Open-source machine learning toolkit built for Kubernetes, Kubeflow has now released its 1.2 version. Some of the major features in this new version include enhancements to the model building, training tuning, and machine learning pipelining; introduction of automated configuration of hyperparameters for better accuracy; serverless interfacing on Kubernetes; and providing interactive coding environment for better model development. Some of the important features are discussed below.
A Kubernetes-based system for hyperparameter tuning and neural architecture search, Katib supports several machine learning frameworks such as TensorFlow, XGBoost, and Pytorch.
The new version of Kubeflow introduces an upgraded Katib with v1bet1 AP1 for ensuring delivery of more accurate models using better infrastructure utilisation. It will be achieved through the automated configuration of hyperparameters (variables that control the model training process). A few of the important features of Katib 0.10 include:
- Early stopping: This feature helps in saving cluster resources. Using this feature will not require any modification to the training source code.
- Supporting custom resource definition (CRD) in the new template: CRD API resource allows users to define their own custom resources. With this new feature in Katib, the user will be able to integrate these custom resources in Katib by following simple steps.
- Resume experiments: Users will now be able to resume Katib experiments by using previously saved suggested data in the custom volume.
- Extraction of metrics: Until now, Katib trial controllers would take the best metric values among the available for an experiment. With this update, the user will be able to specify particular metric strategies for an experiment.
The function of KFServing is to provide Kubernetes CRD for serving machine learning models on arbitrary frameworks. It provides features such as GPU Autoscaling, Scale to Zero, and Canary Rollouts. It provides high performing abstraction interfaces for Tensorflow, XGBoost, and PyTorch, among other ML frameworks.
The updated KFServing v0.4.1 can now be enabled on RedHat-developed OpenShift container platform; and now has an additional feature which allows adding batcher modules as a sidecar. With this feature, the KFServer Batcher accepts and batches all user requests at once and sends it to the ‘InterferenceService.’ This saves a lot of time and provides a faster response to the interference requests. It also improves infrastructure utilisation.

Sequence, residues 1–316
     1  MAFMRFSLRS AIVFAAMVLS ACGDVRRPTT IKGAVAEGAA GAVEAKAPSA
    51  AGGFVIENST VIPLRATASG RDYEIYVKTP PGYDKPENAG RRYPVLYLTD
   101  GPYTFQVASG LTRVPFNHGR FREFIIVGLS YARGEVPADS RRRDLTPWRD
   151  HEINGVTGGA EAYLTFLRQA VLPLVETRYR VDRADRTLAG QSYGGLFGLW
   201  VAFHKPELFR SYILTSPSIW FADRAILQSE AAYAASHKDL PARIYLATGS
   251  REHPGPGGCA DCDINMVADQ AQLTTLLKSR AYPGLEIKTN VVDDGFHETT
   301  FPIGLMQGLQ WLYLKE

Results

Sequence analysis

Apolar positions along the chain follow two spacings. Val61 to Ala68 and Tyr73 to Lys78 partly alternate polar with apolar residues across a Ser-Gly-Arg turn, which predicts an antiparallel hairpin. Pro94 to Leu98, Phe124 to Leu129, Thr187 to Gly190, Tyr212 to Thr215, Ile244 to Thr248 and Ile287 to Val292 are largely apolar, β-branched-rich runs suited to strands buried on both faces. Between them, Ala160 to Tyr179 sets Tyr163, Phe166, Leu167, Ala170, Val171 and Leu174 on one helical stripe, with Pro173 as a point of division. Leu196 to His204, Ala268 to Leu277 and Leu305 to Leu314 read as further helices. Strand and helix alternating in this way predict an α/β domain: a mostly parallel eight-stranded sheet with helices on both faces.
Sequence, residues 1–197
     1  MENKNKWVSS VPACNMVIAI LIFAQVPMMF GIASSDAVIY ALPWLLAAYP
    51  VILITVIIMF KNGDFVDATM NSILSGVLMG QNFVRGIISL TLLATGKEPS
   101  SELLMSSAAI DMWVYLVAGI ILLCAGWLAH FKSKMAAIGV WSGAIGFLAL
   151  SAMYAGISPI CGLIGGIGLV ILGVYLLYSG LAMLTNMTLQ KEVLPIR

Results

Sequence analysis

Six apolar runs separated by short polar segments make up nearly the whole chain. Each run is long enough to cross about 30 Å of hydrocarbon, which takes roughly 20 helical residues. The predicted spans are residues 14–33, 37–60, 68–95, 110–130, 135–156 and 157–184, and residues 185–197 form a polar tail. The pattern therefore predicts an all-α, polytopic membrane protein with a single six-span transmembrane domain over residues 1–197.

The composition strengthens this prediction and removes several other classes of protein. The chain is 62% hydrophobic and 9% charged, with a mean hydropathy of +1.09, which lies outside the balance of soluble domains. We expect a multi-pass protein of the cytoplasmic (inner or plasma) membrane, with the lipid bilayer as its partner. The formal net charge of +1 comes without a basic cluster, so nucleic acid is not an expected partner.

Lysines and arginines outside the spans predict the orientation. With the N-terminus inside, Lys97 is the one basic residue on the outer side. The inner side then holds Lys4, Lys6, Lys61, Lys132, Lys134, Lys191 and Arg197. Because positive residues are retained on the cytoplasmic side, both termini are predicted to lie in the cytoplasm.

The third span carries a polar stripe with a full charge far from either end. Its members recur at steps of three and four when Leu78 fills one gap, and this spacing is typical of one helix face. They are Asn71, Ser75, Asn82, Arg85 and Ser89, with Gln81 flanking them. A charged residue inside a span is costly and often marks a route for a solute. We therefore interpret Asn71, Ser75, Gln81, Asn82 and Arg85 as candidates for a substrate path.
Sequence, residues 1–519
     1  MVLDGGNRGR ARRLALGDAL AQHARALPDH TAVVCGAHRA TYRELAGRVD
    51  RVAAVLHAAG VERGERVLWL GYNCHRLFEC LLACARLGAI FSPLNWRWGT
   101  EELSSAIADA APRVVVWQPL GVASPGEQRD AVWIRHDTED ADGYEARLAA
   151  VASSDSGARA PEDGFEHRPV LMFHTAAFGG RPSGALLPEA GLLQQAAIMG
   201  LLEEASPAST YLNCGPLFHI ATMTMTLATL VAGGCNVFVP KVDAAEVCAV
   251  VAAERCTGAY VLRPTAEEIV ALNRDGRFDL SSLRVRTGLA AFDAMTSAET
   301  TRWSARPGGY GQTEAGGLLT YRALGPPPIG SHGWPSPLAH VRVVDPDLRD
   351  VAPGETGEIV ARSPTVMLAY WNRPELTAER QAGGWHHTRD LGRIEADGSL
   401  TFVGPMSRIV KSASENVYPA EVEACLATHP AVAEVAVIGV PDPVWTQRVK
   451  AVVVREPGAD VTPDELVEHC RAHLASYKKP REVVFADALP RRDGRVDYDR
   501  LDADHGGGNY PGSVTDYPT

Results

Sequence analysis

Other added features are the introduction of Triton interference server renaming and integrations and allowing customised URL paths.
Kubeflow pipelines are platforms for deploying machine learning workflows based on containers. These platforms consist of a user interface for managing and tracking experiments; an engine to schedule multiple-step ML workflows; interaction with the system using software development kits (SDK); and an SDK to define pipelines and its components. The new Kubeflow pipelines will enable and simplify end-to-end orchestration of machine learning pipelines and also facilitate easy experimentation and re-use.
The new Kubeflow pipelines come with Tekton support. Tekton, from Google Cloud, is a flexible Kubernetes-based open-source platform used for creating continuous integration and delivery (CI/CD) systems.
Other Major Announcements
Apart from the major features discussed above, Kubeflow v1.2 also introduces Notebooks for interactive, experimental coding environment for model development which can be used by individuals and teams to leverage Kubernetes namespaces for resource utilisation.
Another major addition feature is the ability to model versions and their subcomponents, such as metadata using updated model management techniques. This model management technique makes it easier for organising and identifying models. Further, efforts are on to define data types for machine learning models and data to encourage wider metadata standards and interoperability between different frameworks.
It must be noted that a few of these upgraded features, such as Notebooks, pipelines for ML workflow, and Katib for hyperparameter tuning were discussed by the Kubeflow’s team as ‘under-development stage’ when they introduced the v1.0 back in March this year.
All the features introduced in the V1.2, has seen active involvement from the user developer communities. Taking the tradition forward, the Kubeflow team has said that it has already started the discussion on the v1.3 for which it looks forward to input from users and contributors.
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I am a journalist with a postgraduate degree in computer network engineering. When not reading or writing, one can find me doodling away to my heart’s content.